I’ve never been one for goodbyes over the years, so I will leave you with a blog of hope that one day we will see each other again. We might be working together away from Blackboard or maybe one day I will come back. I just don’t know…What I do know is that for this blog I’m going to cover some parting words that hopefully will resonate with my reading audience. I’m hoping it will ignite some kind of spark and make an impact on the future.
When I started the Performance Engineering team in the fall of 2003, I set out on a mission to make Blackboard the fastest performing, most scalable e-Learning software platform in the world. I wanted us to be the benchmark in the software space, where companies look at us lovingly in the distance with deep admiration and respect. That leads me to my first major point…
1) Set high expectations for yourself and your teammates…Do what you can to achieve them.
There were a lot of things I wanted to accomplish when I came to Blackboard, but the one thing I knew I didn’t want was to fail. I came here in my late twenties. I was a mere child in terms of professional experience. I was being entrusted to build a multi-million dollar team for a $100 million dollar company that wanted to go public and become a $1 billion dollar company.
Our CEO, Michael Chasen had high expectations for me, therefore I needed to set higher expectations for myself and the team I was building. Setting expectations is really about setting goals and then being transparent about those goals. Achieving expectations is about being both strategic and operational at the same time.
You don’t have to have 20+ years of experience to be successful in any venture. You have to be smart, committed and resilient. The smarts come from planning, researching and my personal favorite, continuous learning from experience. The commitment is about execution to plan, as well as a willingness to re-plan after learned mistakes. The resilience is about perseverance when times are challenging.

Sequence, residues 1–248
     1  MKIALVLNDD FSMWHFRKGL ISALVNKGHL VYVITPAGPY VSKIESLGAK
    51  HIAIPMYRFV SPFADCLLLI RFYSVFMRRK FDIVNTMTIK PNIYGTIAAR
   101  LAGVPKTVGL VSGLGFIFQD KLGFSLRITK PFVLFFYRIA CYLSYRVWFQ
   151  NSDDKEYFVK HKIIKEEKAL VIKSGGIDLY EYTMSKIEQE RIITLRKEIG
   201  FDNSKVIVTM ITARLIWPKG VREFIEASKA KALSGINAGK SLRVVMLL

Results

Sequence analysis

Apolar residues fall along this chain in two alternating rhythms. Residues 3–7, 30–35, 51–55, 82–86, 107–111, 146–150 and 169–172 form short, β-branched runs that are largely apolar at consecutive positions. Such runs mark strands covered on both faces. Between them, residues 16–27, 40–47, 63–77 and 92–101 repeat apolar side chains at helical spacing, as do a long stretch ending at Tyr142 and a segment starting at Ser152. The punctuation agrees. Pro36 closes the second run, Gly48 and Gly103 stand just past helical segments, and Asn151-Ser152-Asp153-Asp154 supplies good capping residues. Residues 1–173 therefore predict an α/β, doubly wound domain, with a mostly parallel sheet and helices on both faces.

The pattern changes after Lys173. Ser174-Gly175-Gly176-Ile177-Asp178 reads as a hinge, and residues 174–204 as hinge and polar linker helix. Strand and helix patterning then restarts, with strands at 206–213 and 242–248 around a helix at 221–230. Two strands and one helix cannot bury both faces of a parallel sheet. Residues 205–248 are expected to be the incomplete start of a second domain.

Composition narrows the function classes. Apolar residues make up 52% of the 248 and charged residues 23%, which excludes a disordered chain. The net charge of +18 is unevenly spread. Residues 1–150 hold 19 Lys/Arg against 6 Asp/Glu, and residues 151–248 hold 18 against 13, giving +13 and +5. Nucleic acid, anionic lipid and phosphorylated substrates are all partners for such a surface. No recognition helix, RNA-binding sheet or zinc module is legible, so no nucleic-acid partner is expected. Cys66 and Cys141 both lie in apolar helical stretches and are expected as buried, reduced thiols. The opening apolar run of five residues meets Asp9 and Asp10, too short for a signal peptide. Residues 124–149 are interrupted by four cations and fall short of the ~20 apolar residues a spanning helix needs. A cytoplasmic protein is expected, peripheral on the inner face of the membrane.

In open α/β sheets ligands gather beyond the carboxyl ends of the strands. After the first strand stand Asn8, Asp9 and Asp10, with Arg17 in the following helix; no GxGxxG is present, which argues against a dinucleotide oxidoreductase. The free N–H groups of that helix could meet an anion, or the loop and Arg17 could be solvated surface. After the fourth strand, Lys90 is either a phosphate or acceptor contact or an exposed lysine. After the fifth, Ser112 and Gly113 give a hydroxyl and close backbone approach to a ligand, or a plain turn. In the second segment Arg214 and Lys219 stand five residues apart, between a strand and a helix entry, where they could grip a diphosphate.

2) Every day is a benchmark
I wrote a blog back in June of 2007 to my team about the importance of seizing the moment. Unfortunately, the blog was internal and I never posted it. I was half correct with the blog. The part I nailed was the part that insisted every day is a chance to start over. Every day is a chance for a new beginning.
I missed an essential part which looking back could have and should have fundamentally changed our team’s purpose. It was an aha moment that if I could do it all over again, I would totally have done it differently.
The focus of that blog was about testing and benchmarking. In 2007, we were a very good testing and benchmarking organization. Some in the industry might have said we were one of the best given our maturity, practice and tooling. We should have looked at all of that production data real-time and built an analytics engine that studied live system data. That was the real data we needed more than anything. I’m not talking volumetric sampling. I’m talking APM (Application Performance Measurement).
We should have built the collection tools and engine to process the data. That would have been disruptive. It would have been game changing. We didn’t and as a result we failed to reset expectations and learn from our past experiences.
3) We cannot change the cards we are dealt…we can change how we play the hand
I don’t know the original author of this quote. The context for me is hearing it back in 2008 watching a YouTub clip of Randy Pausch giving his famous Last Lecture. I think I watched that lecture a dozen times. I bought the book and read it over and over as well.
That quote has been in my head constantly for the last few months as I’ve been deciding whether to leave Blackboard or stick around. I’ve thought about it in the context of my 11 years here. I realized over and over again me and my teammates were dealt blow after blow. Some of those blows were good…some were bad. Rarely did anything we as a group planned happen in a natural order. More often than not we found ourselves treading water or playing a defensive game of ping pong.
We got through it all. The way we got through it all was being adaptive and willing to change our plan.
Blackboard will hopefully outlive me for many decades to come. The folks who are a part of the future, will hopefully adapt like me and my colleagues adapted over the years. Looking back, that’s what made this place so special. There was a simpatico ebb and flow to change on the fly. Hopefully the people and the company won’t forget that going forward.
– Steve Feldman
Blackboard (2003 – 2014)